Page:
While energy-efficient lighting is a simple and effective alternative for your home and your carbon footprint, it is important to consider the cheapest and most renewable source of healthy light, the sun. The challenge is to find ways to utilize the sun’s light inside your home throughout the day.
An intentionally well-designed new build or remodel can produce ample amounts of natural light. Well-placed windows, skylights, doors, (and one of our favorites) Solatubes allow in the sun’s light, even in your home’s darker spaces. Letting in natural light will lower your energy bills and contribute to happier and healthier lives.
If installing new windows, skylights, or Solatubes is not in your budget; there are cheaper alternatives that can help maximize light throughout your home. Choosing light-colored paints, shiny flooring like linoleum, and reflective materials for your walls and ceiling can create a lot of fluid light that will brighten up even the darkest of rooms.
Learn more about different lighting solutions in recent Mighty House projects, including this video from the 2021 NW Green Home Tour, showcasing Solatubes and the reasons for specific placement. Please reach out to us and let us know how we can help adapt your home to allow in the most natural light possible for a healthy, eco-friendly, and happy home.
Finish work is often about the smallest of details, and it takes the right carpenter with an extensive line of experience to execute it precisely. No matter how beautifully designed, this high level of detail work is the first thing that will catch any visitor’s eye when they walk into a room. Whether it is intricate tile work, crown molding, built-in custom cabinets, or live edge shelving, you will not regret taking the extra step to integrate this level of work into your new construction or remodel.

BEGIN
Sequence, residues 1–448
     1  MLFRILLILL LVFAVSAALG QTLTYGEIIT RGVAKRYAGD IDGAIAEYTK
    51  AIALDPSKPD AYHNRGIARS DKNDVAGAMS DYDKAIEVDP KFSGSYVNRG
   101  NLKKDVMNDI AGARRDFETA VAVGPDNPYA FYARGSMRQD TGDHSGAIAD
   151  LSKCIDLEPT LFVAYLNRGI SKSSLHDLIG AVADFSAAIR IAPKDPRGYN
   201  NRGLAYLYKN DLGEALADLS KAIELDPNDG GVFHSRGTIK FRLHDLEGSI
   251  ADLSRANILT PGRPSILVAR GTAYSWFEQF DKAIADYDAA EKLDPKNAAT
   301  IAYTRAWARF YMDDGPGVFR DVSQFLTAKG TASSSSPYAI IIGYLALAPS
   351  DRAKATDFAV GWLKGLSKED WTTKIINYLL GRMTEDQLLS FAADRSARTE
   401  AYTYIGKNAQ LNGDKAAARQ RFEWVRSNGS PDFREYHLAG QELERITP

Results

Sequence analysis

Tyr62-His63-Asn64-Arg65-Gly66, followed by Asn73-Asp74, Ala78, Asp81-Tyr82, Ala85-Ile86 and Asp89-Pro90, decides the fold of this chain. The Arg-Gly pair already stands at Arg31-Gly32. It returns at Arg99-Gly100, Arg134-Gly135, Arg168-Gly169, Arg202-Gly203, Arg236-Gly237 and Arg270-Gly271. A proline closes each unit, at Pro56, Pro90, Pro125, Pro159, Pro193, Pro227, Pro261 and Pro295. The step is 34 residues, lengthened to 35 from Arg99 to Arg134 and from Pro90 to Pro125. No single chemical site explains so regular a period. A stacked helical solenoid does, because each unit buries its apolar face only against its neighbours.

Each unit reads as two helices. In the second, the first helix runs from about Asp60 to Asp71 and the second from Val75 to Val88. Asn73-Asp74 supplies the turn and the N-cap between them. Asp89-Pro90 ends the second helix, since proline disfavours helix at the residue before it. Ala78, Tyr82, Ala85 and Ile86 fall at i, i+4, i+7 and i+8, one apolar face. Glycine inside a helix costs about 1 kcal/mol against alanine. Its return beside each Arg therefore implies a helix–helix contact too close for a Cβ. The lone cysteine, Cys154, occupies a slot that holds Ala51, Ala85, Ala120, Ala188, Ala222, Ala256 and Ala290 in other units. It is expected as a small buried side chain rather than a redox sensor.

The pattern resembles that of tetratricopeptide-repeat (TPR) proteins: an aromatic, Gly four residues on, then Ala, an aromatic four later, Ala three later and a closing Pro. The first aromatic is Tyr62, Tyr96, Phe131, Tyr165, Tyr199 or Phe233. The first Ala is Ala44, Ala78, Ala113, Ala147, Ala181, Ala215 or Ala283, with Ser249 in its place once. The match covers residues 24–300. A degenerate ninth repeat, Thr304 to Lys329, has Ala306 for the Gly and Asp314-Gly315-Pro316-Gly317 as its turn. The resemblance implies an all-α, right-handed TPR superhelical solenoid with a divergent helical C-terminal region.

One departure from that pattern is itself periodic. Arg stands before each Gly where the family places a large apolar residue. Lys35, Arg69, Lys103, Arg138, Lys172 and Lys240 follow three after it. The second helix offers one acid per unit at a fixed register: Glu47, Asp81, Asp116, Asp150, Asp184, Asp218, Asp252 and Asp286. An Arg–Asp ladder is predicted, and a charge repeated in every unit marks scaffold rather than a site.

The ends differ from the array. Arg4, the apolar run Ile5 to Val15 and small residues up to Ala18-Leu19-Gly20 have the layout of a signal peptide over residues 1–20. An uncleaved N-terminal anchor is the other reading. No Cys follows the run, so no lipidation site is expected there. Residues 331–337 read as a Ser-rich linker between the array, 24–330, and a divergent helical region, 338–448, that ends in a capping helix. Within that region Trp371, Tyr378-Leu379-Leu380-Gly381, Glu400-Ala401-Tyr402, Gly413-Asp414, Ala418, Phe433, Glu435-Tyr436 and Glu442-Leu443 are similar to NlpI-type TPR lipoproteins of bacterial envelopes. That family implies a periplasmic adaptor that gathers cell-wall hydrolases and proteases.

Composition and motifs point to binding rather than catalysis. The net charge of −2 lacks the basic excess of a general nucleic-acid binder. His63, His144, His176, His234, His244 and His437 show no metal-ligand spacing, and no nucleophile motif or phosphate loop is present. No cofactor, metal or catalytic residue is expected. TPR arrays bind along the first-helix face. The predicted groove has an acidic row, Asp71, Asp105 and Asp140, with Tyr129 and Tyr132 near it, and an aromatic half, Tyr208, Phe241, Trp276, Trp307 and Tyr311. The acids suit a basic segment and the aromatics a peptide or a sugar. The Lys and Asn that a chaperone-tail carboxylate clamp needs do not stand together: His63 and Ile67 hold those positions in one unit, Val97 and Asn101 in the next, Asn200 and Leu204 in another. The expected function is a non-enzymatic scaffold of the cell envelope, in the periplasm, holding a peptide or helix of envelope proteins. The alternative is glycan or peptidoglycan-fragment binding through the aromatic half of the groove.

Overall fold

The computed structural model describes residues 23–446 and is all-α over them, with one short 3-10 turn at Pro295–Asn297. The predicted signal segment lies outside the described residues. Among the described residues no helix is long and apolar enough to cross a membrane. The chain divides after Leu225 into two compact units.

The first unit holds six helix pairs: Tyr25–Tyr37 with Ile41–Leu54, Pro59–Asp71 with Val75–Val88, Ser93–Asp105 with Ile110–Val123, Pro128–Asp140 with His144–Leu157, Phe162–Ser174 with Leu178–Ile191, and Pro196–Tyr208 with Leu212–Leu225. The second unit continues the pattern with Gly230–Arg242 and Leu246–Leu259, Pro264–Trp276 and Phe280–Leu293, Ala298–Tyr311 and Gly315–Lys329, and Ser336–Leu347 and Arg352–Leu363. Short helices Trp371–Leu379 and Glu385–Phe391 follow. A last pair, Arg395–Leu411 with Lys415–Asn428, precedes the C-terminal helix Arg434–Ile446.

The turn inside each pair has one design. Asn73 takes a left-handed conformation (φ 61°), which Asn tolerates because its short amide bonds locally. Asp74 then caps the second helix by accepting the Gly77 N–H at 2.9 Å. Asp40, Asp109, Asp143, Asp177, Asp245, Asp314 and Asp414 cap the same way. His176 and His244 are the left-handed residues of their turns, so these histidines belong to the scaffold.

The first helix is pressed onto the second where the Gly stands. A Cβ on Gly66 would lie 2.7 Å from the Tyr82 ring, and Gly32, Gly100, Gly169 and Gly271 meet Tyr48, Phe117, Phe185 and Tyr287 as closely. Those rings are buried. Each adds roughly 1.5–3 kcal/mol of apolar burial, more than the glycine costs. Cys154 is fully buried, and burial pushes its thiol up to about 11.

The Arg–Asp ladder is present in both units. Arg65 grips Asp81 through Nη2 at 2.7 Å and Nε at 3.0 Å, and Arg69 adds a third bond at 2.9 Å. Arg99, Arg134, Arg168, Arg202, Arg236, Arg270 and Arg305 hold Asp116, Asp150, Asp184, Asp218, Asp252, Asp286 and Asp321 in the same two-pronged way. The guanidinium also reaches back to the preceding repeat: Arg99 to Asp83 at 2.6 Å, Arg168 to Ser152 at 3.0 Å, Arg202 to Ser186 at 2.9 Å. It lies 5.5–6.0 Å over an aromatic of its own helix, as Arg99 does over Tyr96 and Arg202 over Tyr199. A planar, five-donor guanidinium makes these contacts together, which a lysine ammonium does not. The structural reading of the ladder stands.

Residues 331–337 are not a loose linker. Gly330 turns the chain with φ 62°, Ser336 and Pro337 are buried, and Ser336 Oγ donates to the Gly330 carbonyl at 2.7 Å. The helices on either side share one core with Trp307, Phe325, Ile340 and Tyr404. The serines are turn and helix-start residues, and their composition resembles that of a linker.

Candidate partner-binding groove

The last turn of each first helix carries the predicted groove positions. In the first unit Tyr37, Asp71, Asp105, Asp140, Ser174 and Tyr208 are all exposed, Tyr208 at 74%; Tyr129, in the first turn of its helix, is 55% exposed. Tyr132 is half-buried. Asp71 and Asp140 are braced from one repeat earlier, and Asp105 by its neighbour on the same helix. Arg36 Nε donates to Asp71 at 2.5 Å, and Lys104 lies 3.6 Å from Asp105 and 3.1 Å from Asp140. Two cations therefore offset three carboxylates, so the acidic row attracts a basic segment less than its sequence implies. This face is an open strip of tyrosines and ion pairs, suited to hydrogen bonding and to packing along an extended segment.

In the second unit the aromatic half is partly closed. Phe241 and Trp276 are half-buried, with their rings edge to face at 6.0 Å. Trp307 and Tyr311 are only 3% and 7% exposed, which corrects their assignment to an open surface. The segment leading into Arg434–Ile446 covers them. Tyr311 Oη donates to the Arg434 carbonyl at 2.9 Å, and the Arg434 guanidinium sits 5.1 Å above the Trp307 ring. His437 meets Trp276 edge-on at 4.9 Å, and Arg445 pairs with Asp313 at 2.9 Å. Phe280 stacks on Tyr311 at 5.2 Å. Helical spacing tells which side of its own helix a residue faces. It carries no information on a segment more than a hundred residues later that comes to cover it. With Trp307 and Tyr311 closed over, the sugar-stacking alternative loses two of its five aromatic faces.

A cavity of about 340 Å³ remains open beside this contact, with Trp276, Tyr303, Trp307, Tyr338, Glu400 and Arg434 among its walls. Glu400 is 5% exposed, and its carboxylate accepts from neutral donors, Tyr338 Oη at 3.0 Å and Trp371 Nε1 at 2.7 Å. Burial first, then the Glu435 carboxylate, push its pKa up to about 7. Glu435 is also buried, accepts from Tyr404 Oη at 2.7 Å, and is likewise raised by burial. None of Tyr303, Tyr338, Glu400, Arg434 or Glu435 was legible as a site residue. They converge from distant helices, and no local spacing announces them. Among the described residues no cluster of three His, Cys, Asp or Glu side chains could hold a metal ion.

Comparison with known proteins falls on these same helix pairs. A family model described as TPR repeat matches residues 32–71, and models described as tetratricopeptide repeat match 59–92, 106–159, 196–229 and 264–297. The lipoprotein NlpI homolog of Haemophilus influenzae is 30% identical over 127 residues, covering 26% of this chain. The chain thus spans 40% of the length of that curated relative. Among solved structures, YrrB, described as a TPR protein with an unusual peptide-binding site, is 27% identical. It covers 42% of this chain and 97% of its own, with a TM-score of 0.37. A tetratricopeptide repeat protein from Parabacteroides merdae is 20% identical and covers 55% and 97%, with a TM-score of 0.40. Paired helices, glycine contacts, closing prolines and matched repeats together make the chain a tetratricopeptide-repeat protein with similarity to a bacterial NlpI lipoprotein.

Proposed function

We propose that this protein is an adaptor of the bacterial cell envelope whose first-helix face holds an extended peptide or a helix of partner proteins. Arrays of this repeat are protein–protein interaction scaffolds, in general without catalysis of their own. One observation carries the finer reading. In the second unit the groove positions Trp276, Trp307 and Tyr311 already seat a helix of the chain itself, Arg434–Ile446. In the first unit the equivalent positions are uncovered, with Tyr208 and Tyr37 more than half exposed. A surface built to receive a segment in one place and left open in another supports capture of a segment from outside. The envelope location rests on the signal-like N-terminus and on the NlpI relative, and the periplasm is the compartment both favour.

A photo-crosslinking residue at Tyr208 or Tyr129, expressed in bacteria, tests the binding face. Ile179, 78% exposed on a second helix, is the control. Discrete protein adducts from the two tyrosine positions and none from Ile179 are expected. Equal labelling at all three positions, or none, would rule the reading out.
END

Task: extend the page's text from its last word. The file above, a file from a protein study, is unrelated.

Most seasoned finish carpenters know the tricks of the trade about getting it right. This requires them to think quickly and adapt to any given situation. A successful finish carpenter also needs to have an eye for the work and dedication to making every single detail work. We pride ourselves on our fine craftsmanship, and we are committed to every project from start to finish – down to the very smallest detail.
Check out our Details photo gallery from projects throughout the years. Contact us to let us know which are your favorites and how we can help integrate extra fine details into your upcoming or existing projects. We look forward to hearing from you.
- Always burn seasoned firewood. Using dry firewood greatly reduces the particulate matter that is released into the indoor and outdoor environment.
- Burn hardwood trees. Hardwoods burn hotter, longer, and cleaner than softwoods.
- Avoid a smoldering fire. A smoldering fire yields a lot of smoke and releases hazardous particulate matter into the indoor and outdoor air.
- Keep your chimney clean and in good working condition.
And, lessening the impact on the environment and your wallet!
Salvaged or reclaimed materials are building materials that have been recycled specifically for reuse. Some people conjure up images of dumpster diving – and while they could be from dumpsters (Doug has been known to pull materials out of dumpsters for reuse), most are building materials that were carefully deconstructed from or home or building and one way to greatly lighten your remodel’s carbon impact. Not only does the reuse of materials lessen the overall impact on the planet, it also can lessen the impact on your wallet while also adding unique character that is hard (and sometimes impossible) to replicate.
Mighty House Construction is a huge proponent of using salvaged materials and finishes. We encourage clients to check out the warehouses at Second Use and like businesses during the early planning stages of their projects.
Often you can find salvaged cabinets, lighting, windows, doors, and fixtures (to just name a few) for up to 50 percent less than buying new – like these cabinets in Doug and Laura’s own kitchen (pictured above). Sure sometimes there are additional costs to making the salvaged materials work in your home (like Doug had to build two upper cabinets to infill), but often there is still a cost savings plus now we get to tell a fun story about our kitchen. (Ask us later!)
The trick with utilizing salvaged materials is that you either let the materials dictate the design or find materials that will fit or can be modified to work with your design. Then you begin the hunt for what will work and start collecting your items. Similar to shopping for that perfect prom dress or tux from a used clothing store, committed hunting usually will lead to some great finds! Like this gem of a counter and backsplash (pictured below) one client found awhile ago planning ahead for the ADU she knew she wanted to build.
Reach out to us anytime if you have ideas of unique ways to used salvaged materials in your project or if you have some items you’d like to use just to update your existing space. No project is too big or too small.